In online training, instructional designers are often responsible for adapting a course previously given in a traditional classroom and designed for that context. This work requires more than merely transferring educational content to a technological medium. If we look at assessments specifically, which allow for the assimilation of material and evaluation of acquired knowledge, their design requires special attention. It is necessary to ensure they correctly align with the course objectives. Let’s examine the structure of assignments under the microscope to ensure they meet their intended goals!
What course content should each assignment relate to?
The assignment must be relevant; this means that it must be related to the course content and must cover the main concepts taught and not information considered non-essential.
What learning objectives should assignments link to?
All exercises and assessments must be linked to course objectives or a specific lesson. When this is not the case, the assignment in question must be redesigned so students can apply the knowledge and skills acquired in the course.
What exactly should learners be asked to do in each assignment?
The assignment must clearly state the task(s) to be performed and indicate the required result or “final product”.
- Select a topic, research the topic, and write an article
- Formulate a hypothesis, conduct experiments, record the results, write a report
- Meet with group members, choose a topic, assign roles, distribute work, communicate regularly, collaborate on writing a paper, and present the group work and conclusion
How should the instructions be explained?
Instructions must be clear, and tasks must be well defined. The following elements must be present:
- “The mission” or type of activity to be produced (writing, presentation, video, portfolio)
- The work required to achieve this (reading, research, analysis, writing, memorization, etc.)
- Whether it is an individual or group exercise
- Guidelines or process description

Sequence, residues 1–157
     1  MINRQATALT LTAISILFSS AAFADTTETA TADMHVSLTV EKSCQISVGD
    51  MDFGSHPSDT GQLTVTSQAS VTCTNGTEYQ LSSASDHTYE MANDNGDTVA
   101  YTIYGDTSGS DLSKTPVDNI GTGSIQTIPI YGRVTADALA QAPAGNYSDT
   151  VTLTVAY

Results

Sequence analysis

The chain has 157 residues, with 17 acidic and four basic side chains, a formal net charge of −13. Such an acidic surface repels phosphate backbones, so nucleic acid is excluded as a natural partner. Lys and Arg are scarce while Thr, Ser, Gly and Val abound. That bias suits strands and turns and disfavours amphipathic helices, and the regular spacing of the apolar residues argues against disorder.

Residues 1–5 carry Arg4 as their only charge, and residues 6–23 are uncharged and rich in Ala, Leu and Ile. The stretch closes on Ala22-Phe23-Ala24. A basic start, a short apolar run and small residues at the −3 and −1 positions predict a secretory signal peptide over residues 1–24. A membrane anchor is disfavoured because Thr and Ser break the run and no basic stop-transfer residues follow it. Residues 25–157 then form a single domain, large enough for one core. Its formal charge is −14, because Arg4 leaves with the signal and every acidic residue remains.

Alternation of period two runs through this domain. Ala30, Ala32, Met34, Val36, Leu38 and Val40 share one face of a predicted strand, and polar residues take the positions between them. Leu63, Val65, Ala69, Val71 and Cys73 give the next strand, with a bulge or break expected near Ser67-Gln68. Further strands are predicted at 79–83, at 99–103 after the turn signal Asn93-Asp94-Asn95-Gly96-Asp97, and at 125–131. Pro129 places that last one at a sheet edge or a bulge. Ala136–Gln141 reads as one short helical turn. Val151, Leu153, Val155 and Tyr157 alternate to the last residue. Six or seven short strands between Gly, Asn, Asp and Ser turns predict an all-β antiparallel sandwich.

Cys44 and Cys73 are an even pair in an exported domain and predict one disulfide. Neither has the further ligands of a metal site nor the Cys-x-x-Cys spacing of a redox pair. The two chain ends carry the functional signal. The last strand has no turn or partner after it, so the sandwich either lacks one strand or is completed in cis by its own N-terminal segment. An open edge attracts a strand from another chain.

- Examples (optional)
How should learners be guided through the assignment?
It is essential that the instructions are clear and concise. These must also be accompanied by indications or guidelines that allow learners to keep the objectives of the assignment in mind and know what they need to do to complete it. It is helpful to break down the task into steps or sections in the instructions or to provide some examples for reference.
Why should details be given about how the assignment is evaluated?
By informing learners about how the exercise will be evaluated, they are in a better position to plan their work and focus on the elements that are priorities.
What is the link between the types of assignments (article, group project, video project, etc.), the objectives and course content?
It is essential to choose the type of assignment and method – the means by which learners must demonstrate their knowledge or skills – that are most appropriate for each content and objective. For example, if learners are required to identify and explain the importance of historical events, it is not appropriate to ask them only to associate events with their respective dates.
Should the skills required to complete the assignment and the knowledge they incorporate be applicable to the field of study?
The assignment should be aligned with the skills to be developed – which are part of the course objectives – such as the ability to analyze, criticize, explain, etc. The assignment must also be relevant to the discipline studied. In other words, it must make it possible to develop the X skills necessary to practice in field Y!
What is the appropriate workload required to conduct an assignment?
Learners are generally less motivated to engage in a task when it pays little in terms of grades. If several assignments are only worth a few points, they can be grouped into larger assessment: notions that are more important should be grouped in tests of higher value, and secondary notions can be grouped in ungraded quizzes.
What amount of time and effort should the assignment require from the learner in relation to the grade value?
When considering the distribution of scores, these two questions are essential:
- How much of the content should the learner have explored before completing the assignment?
- At what level of skill acquisition is the assignment in regards to Bloom’s taxonomy? Remember, understand, apply, analyze, evaluate, create?
The score assigned to the assessment should reflect the volume of content the learner has to process and the complexity of the task(s).
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